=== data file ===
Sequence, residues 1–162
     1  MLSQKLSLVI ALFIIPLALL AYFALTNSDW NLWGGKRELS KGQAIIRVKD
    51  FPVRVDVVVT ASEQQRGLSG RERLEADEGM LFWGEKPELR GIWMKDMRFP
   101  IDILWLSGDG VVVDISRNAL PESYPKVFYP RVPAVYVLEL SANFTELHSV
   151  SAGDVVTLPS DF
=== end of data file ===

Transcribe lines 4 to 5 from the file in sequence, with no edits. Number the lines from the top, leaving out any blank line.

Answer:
   101  IDILWLSGDG VVVDISRNAL PESYPKVFYP RVPAVYVLEL SANFTELHSV
   151  SAGDVVTLPS DF